Padua is a city in northwestern of Italy, 40 km. from Venice. The population is more
than 200 thousand people.
Proximity to Venice eventually led to the loss of independence (1405), after which, Padua became famous mainly as a university center. Incidentally, the University of Padua was founded in 1222.
The architecture of the city is typical for this region of Italy. The main architectural landmarks are the palazzo of local nobility and the church. There are remains of Roman structures, but there is almost nothing to look at.
The historic center of Padua is enclosed between the rivers Brenta and Buckilone, which completely surround it.
Padua Airport is small and used by small planes - there are no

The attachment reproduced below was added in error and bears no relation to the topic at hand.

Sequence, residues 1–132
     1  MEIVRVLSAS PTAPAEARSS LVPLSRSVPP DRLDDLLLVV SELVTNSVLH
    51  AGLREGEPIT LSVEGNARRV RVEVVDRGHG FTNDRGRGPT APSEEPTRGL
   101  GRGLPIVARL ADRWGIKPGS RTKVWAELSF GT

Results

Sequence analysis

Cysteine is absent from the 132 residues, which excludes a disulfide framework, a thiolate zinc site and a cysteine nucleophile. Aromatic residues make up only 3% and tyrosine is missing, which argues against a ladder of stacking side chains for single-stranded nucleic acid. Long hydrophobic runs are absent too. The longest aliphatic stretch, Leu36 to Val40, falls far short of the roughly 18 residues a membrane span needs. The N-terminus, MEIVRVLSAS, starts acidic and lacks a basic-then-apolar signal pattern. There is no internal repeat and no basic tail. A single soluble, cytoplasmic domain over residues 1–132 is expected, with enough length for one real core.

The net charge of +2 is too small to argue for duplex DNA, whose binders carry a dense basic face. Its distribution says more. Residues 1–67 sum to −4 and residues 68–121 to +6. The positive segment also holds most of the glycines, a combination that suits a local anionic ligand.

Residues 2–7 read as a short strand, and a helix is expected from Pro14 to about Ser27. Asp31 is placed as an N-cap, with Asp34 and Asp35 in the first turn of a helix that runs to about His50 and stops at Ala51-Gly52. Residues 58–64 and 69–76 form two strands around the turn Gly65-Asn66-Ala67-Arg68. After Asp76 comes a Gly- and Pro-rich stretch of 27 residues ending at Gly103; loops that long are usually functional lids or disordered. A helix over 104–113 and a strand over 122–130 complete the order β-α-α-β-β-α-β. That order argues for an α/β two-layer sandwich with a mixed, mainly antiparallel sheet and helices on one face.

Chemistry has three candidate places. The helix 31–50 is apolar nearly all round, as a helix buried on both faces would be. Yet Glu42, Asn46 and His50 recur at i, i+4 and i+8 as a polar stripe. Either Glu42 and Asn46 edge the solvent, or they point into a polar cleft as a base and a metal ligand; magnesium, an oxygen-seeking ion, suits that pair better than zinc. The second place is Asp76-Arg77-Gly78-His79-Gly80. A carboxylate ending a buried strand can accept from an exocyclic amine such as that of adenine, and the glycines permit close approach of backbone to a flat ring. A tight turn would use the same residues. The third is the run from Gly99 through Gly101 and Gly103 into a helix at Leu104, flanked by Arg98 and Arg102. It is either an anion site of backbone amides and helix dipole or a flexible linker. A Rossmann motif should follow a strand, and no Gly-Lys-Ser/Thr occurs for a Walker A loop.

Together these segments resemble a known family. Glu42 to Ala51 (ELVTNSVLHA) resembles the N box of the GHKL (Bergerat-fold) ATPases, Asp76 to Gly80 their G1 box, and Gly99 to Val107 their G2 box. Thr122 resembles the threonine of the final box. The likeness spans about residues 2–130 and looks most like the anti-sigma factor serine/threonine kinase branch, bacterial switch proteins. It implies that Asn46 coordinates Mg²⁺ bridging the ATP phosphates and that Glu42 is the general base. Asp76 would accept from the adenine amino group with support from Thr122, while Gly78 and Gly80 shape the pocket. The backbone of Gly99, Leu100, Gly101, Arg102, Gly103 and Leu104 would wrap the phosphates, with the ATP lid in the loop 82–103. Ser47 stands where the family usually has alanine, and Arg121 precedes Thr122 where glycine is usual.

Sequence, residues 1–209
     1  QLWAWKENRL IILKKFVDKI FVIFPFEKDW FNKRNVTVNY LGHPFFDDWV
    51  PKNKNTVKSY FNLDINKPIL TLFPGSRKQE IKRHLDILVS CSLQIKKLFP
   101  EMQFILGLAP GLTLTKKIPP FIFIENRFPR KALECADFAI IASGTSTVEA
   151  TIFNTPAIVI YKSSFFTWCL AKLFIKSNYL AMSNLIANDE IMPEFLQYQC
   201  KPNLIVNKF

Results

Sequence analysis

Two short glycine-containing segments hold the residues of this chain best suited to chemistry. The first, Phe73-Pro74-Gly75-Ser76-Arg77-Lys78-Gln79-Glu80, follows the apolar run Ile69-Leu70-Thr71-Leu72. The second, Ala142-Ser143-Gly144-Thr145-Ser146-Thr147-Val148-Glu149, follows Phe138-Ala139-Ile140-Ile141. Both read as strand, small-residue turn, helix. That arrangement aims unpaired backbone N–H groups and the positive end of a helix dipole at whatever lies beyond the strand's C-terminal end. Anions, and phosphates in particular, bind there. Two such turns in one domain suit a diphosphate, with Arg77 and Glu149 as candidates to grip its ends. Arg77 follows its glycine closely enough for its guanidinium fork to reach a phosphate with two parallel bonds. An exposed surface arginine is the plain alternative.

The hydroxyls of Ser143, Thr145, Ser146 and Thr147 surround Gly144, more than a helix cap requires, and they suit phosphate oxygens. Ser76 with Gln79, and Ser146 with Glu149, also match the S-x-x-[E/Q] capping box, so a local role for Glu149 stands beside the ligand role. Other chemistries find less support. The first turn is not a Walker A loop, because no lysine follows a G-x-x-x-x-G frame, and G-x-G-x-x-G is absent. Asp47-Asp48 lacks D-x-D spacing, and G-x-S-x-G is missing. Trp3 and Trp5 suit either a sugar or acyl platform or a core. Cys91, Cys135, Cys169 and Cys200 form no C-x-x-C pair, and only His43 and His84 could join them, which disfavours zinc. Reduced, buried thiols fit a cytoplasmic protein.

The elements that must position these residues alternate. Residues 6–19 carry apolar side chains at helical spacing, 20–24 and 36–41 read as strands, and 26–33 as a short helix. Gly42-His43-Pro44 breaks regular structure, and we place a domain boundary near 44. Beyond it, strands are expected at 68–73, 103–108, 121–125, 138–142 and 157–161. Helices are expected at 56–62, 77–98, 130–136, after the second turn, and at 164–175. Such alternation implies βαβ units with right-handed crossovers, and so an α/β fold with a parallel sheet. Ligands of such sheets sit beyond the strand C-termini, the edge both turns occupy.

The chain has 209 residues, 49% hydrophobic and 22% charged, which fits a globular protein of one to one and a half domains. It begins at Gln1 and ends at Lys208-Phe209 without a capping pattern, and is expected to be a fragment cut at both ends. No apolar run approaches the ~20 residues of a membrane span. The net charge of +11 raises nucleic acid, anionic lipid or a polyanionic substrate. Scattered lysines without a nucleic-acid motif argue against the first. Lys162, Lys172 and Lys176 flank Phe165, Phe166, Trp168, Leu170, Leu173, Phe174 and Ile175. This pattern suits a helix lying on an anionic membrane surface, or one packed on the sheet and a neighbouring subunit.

The easiest way to get to Padua is by rail. All trains to Venice pass through the Padua, both from the west (from Milan and Verona) and from the south (from Florence via Bologna). Naturally, from other Italian cities is not a problem to get here.
From Austria or Germany, the train will have to go through Verona. There is little sense in this, since the distance is large - even from the nearest Austrian city (Innsbruck) to Verona it will take about 4 hours. The same goes for moving from Switzerland. From France will have to go twice as long.
In general, the best way to Padua is to fly to Venice, Verona or Milan, and then by train (this will take 30-40 minutes or 2.5 hours in the last case).
Padua Railway Station is located on the northern edge of the Old Town. To the nearest sight on foot to go no more than 10 minutes.
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